Please don't sell your kidneys to afford college


Adam Cecil

Adam Cecil

Former Staff Writer

Adam Cecil is a former staff writer for Policygenius, a digital insurance brokerage trying to make sense of insurance for consumers. He is a podcast producer, writer, and video maker based in Brooklyn, NY.

Published September 15, 2015 | 2 min read

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Did you hear the absolutely terrifying news? A survey by MyBankTracker found that 30% of their readers would sell an organ in order to pay off their student loan debt. 38% said they’d volunteer for a questionable health study and 43% said they’d sell half of their belongings. The most popular way students would be willing to pay off their student loan debt? Turning your life into a reality TV show – 55% of respondents would be willing to give up their privacy and become the next Kardashian.

Considering that the class of 2015 is the most indebted ever (and next year the class of 2016 will be the most indebted ever, and so on and so forth until we all have so much debt that it becomes one of those basic things we tell each other on first dates ), the fact that millennials are willing to do crazy things to pay off their student loans is not surprising!But things don’t have to be this way. Obviously, a complete reform of student loans would be nice, but for high schoolers looking at colleges right now, that helps about as much as a kick in the teeth.Luckily, you have data. ProPublica has put together an amazing database of federal student loan debt amounts, organized by college. Now, in unprecedented detail, you can see exactly how much debt the average student at your dream college graduates with. Because I’m a sadist, I looked up to see how people from my alma mater, New York University, are doing six years after graduation:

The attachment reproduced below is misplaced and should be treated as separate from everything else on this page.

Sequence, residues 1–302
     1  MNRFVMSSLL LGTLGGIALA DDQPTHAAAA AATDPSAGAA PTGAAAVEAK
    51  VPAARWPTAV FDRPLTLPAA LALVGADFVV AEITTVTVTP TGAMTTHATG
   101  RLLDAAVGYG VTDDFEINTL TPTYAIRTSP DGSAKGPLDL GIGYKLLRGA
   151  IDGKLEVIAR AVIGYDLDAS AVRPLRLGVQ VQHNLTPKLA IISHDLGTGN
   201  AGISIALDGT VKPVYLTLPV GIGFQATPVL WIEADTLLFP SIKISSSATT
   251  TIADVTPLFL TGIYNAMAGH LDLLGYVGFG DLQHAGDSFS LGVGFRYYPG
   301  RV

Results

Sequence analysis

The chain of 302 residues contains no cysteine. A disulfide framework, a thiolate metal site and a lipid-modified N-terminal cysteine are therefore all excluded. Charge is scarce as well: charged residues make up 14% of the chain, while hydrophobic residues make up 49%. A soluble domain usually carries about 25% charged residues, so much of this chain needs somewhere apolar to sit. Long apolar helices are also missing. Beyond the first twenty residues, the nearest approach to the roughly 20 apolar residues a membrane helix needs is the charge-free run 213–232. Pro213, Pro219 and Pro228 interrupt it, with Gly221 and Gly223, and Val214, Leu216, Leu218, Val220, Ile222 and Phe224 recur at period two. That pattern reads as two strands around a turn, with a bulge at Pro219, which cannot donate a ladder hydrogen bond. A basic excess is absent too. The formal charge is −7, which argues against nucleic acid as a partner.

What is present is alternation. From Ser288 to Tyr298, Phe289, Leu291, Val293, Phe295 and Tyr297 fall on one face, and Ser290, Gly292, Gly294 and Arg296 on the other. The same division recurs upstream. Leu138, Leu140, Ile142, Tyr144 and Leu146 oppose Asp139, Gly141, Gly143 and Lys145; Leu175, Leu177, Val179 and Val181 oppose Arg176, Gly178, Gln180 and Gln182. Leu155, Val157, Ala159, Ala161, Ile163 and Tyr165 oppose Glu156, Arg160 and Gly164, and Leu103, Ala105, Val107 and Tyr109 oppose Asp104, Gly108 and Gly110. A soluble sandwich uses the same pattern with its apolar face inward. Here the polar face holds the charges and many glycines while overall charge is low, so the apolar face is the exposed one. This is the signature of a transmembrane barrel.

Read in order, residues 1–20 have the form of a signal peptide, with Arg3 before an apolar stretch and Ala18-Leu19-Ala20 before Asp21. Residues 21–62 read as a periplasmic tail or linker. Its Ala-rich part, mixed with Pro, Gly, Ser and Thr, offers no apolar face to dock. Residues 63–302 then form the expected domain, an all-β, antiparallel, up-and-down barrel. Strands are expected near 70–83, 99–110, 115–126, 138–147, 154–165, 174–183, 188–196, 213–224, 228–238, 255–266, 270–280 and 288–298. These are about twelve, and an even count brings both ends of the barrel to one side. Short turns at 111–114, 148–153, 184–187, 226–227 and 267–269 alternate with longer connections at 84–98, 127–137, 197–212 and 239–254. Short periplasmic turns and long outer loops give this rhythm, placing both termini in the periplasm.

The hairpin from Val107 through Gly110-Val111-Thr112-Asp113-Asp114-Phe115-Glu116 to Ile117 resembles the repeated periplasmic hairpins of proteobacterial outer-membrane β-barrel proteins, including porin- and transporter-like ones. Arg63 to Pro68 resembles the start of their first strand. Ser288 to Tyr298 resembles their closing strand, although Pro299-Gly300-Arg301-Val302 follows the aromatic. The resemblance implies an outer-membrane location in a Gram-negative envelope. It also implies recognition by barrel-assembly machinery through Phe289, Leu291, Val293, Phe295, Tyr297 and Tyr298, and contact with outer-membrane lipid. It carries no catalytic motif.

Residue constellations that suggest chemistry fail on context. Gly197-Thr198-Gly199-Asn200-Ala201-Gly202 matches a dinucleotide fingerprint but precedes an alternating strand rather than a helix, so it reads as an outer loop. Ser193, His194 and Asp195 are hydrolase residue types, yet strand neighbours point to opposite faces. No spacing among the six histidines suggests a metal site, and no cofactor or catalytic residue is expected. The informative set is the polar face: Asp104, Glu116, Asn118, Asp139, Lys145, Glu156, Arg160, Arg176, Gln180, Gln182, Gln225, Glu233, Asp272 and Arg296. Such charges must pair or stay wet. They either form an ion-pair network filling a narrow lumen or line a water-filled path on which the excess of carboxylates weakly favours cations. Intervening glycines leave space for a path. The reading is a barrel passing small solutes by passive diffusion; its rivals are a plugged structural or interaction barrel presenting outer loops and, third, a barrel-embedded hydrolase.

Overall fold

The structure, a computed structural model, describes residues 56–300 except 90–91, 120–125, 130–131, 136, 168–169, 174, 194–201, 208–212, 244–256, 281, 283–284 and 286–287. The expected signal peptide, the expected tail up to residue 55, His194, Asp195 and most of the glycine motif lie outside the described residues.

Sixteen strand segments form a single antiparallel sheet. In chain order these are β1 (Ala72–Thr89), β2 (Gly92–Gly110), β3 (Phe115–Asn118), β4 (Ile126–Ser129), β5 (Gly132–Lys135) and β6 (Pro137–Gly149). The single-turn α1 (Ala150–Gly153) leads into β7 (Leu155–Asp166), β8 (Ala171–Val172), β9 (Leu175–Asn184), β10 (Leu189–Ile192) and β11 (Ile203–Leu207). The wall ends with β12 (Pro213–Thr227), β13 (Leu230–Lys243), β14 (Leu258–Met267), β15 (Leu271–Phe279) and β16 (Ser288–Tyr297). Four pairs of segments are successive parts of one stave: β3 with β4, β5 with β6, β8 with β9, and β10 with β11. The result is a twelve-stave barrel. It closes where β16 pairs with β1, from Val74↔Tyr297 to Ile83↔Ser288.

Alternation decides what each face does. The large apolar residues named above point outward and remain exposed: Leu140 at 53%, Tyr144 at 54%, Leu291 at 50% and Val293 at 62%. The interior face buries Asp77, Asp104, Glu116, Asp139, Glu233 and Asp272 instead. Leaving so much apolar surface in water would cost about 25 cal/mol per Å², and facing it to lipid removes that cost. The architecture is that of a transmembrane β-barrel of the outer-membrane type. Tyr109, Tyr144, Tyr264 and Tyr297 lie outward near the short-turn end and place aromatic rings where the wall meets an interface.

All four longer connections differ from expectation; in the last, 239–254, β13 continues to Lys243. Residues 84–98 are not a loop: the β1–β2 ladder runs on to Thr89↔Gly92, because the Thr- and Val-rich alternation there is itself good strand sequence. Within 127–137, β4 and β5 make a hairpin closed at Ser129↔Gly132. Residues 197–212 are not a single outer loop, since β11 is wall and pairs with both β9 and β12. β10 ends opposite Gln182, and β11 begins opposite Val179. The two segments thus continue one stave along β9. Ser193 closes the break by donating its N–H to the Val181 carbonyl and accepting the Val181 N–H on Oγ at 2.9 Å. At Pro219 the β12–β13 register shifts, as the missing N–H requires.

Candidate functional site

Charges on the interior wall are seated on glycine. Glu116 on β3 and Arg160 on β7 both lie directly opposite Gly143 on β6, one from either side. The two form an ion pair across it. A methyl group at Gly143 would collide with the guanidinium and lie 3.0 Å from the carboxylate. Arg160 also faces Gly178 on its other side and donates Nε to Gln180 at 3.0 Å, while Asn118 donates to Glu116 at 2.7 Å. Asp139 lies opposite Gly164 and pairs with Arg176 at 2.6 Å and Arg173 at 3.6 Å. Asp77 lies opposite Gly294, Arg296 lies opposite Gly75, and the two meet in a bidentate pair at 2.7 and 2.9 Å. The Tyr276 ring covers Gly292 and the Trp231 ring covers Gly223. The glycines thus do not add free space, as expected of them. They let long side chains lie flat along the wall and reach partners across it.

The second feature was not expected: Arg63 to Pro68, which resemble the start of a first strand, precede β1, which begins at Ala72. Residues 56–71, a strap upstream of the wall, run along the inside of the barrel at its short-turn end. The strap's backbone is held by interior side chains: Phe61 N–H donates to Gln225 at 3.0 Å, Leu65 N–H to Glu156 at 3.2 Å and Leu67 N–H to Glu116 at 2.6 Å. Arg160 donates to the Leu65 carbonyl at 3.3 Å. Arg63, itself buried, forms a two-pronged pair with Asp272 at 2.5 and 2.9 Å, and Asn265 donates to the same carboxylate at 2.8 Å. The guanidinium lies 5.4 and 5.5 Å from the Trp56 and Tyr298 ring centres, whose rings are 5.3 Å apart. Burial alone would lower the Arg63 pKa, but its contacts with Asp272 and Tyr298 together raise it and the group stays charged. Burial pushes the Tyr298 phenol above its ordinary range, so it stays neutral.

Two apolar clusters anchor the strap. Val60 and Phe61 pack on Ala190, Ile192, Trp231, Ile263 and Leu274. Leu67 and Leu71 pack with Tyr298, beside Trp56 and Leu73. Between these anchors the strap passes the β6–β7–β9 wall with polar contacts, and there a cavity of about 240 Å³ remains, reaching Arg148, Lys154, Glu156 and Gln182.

It’s a little depressing that almost 20% of graduates earn less than $25,000 per year, considering that’s about how much they probably owe in student loans. Actually, scratch that. That’s just normal sized depressing.Anyway, high schoolers (or parents of high schoolers)! Before you commit, check out the data in ProPublica and make sure that you’re getting a degree in something that will pay dividends, not just make you a really qualified Apple Store employee.

Image: Helen Taylor